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Materials Science Seminar Series presents Professor Rose Cersonsky on Thursday, November 16, from 4 to 5 p.m. The seminar is hosted by Professor Jason Kawasaki and will be held in MS&E building room 265. Prof. Rose Cersonsky will be discussing Data-driven approaches to chemical and materials sciences: the importance of data selection, representation, and interpretability.
Like many other fields, there has been a recent and overwhelming wave of machine learning and artificial intelligence methods being employed in the chemical sciences. While these methods have the undoubted ability to drive innovation and capabilities, their application to chemical sciences requires a nuanced understanding of molecular representations and structure-property relationships.
In this talk, I will discuss the role of molecular featurization – how we transform atoms and molecules into mathematical signals appropriate for machine-learning thermodynamic quantities – and unsupervised analyses that allow us to easily understand and assess these so-called “featurizations” in the context of complex machine learning tasks. In doing so, I will demonstrate how linear methods – that constitute the simplest, most robust, and most transparent approaches to automatically processing large amounts of data – can be leveraged to understand molecular crystallization and aid in pharmaceutical engineering.
All methods discussed are available through the open-source scikit-matter (scikit-matter.readthedocs.io/) software, an official scikit-learn companion that implement methods born out of the materials and chemistry communities.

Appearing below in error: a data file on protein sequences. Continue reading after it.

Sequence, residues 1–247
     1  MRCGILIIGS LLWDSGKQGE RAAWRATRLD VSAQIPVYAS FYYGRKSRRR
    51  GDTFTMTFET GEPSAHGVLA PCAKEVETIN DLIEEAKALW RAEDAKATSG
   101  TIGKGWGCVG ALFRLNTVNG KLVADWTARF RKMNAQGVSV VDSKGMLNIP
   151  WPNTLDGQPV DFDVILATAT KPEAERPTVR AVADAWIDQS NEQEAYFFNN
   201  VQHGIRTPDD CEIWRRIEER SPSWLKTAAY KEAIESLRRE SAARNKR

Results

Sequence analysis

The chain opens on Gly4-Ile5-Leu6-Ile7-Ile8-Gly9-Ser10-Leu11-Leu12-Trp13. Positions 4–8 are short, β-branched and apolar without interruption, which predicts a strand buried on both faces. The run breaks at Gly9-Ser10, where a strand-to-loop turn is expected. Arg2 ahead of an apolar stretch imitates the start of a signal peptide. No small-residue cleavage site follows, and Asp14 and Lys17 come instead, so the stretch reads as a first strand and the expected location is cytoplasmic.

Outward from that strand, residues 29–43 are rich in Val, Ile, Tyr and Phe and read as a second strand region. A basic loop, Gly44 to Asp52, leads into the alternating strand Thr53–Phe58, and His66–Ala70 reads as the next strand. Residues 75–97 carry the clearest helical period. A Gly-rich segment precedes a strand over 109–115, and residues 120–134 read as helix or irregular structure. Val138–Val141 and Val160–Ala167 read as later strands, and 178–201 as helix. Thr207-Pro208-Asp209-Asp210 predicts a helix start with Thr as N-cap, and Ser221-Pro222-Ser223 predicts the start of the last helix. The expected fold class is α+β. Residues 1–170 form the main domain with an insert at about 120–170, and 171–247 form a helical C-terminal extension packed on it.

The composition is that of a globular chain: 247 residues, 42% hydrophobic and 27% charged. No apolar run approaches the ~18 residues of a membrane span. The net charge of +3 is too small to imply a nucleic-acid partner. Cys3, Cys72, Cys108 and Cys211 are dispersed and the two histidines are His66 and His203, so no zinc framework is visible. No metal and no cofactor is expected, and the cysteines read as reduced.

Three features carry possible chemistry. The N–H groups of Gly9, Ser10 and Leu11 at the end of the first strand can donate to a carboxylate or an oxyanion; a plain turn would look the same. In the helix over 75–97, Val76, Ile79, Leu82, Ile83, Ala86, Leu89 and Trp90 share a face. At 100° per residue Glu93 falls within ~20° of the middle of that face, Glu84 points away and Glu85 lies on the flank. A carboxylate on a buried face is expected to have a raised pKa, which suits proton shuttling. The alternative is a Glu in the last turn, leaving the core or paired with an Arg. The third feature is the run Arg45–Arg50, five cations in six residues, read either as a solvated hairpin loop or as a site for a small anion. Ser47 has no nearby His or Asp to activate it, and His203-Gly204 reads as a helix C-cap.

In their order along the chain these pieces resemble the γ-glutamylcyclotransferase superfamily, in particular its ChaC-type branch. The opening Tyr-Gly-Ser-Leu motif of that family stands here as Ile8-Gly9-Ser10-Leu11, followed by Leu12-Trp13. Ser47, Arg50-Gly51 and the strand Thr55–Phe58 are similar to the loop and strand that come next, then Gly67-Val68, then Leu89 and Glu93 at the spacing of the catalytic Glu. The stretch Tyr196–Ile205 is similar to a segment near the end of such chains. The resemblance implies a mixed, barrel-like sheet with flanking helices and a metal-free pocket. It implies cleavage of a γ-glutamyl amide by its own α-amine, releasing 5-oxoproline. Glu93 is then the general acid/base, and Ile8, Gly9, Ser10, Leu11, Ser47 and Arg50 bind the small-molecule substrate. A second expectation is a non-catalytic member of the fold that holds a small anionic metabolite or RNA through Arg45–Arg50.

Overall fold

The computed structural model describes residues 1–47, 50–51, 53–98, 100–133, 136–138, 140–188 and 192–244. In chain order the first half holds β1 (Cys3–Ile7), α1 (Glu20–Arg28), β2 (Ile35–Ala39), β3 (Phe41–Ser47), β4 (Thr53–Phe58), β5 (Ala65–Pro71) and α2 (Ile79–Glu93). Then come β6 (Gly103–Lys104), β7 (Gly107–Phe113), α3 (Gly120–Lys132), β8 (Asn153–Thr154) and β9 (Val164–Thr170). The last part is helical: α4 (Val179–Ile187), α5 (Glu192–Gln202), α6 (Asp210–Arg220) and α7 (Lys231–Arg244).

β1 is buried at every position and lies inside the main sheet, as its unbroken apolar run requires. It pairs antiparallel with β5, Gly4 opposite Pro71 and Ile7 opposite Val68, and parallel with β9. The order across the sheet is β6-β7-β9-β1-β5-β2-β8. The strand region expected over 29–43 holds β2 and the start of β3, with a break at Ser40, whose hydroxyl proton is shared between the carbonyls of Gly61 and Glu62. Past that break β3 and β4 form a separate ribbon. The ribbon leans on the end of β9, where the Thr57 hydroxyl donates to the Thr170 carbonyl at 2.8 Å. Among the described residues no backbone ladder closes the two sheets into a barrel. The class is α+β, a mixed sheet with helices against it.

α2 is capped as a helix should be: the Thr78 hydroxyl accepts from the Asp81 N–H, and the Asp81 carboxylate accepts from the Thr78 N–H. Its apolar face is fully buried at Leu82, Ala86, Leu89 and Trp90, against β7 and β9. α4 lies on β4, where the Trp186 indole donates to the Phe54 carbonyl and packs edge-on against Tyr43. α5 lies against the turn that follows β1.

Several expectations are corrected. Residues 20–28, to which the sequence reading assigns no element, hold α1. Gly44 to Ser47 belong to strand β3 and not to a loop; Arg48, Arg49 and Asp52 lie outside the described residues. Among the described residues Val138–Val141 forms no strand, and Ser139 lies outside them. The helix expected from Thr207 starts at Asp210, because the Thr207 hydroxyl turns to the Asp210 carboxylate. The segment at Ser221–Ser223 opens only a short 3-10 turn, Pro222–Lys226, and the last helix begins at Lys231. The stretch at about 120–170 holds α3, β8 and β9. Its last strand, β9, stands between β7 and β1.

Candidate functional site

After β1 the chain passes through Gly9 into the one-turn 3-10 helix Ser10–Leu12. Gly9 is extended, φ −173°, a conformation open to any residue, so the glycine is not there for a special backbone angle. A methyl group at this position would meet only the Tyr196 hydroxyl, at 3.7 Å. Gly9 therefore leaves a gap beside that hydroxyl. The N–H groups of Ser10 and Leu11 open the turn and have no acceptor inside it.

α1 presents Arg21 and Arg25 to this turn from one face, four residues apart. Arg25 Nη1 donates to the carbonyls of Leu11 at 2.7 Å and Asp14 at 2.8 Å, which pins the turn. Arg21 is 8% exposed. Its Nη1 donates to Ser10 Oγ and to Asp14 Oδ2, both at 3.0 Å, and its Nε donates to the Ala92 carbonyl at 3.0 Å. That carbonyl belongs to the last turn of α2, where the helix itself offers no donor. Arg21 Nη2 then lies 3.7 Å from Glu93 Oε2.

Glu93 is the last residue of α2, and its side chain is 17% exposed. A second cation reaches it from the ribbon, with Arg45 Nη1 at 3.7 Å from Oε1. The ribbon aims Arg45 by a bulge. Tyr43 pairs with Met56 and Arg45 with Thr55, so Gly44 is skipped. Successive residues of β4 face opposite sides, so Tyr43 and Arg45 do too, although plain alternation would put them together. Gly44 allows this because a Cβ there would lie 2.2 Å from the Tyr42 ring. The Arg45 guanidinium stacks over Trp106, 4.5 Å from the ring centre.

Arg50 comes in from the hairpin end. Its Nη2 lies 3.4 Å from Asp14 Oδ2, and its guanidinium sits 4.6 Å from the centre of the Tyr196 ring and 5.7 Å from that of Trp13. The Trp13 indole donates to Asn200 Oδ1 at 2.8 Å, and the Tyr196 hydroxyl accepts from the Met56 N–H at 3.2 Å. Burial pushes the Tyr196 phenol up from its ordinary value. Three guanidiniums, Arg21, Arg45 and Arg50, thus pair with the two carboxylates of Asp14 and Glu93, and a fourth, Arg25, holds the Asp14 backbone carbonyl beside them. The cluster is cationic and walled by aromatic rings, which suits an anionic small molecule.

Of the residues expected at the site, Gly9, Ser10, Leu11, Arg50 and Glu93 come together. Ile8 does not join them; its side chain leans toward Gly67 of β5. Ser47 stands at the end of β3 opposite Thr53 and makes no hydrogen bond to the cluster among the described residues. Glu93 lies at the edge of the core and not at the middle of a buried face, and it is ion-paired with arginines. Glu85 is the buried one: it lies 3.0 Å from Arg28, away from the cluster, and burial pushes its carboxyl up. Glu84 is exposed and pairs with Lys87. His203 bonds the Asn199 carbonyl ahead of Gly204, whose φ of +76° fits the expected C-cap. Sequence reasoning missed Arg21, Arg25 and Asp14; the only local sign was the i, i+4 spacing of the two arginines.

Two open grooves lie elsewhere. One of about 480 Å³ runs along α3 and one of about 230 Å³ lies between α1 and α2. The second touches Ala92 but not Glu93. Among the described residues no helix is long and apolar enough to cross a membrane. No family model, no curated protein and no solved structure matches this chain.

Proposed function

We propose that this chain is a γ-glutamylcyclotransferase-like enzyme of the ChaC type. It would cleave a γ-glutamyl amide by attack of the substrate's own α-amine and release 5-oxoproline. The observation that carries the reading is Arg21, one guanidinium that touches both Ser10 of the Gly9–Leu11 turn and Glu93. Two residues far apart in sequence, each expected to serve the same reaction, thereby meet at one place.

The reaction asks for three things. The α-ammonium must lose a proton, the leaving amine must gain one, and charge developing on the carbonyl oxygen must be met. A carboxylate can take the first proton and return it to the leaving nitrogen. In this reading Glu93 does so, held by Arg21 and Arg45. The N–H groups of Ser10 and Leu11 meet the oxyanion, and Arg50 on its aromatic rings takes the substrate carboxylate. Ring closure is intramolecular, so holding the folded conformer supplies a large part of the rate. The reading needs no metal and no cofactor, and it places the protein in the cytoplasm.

Rose K. Cersonsky received her Bachelor of Science degree in Materials Science and Engineering from the University of Connecticut in 2014. She then went on to obtain her PhD in Macromolecular Science and Engineering from the University of Michigan in 2019 working alongside Professor Sharon C. Glotzer. Rose’s doctoral thesis was titled “Designing Nanoparticles for Self-Assembly of Novel Materials,” for which she received, among other honors, the 2021 Victor K. LaMer Award from the Colloids Division of the American Chemical Society. She previously worked as a postdoctoral researcher in the Laboratory of Computational Science and Modeling (COSMO) at Ecole Polytechnique Federale de Lausanne (EPFL) in Lausanne, Switzerland before starting her position as an assistant professor of Chemical and Biological Engineering at the University of Wisconsin-Madison.
In addition to research, Rose has devoted herself to scientific service, leading and coordinating multiple outreach programs at both the University of Connecticut and the University of Michigan, and publishing work focused on community engagement and gender equity in educational journals.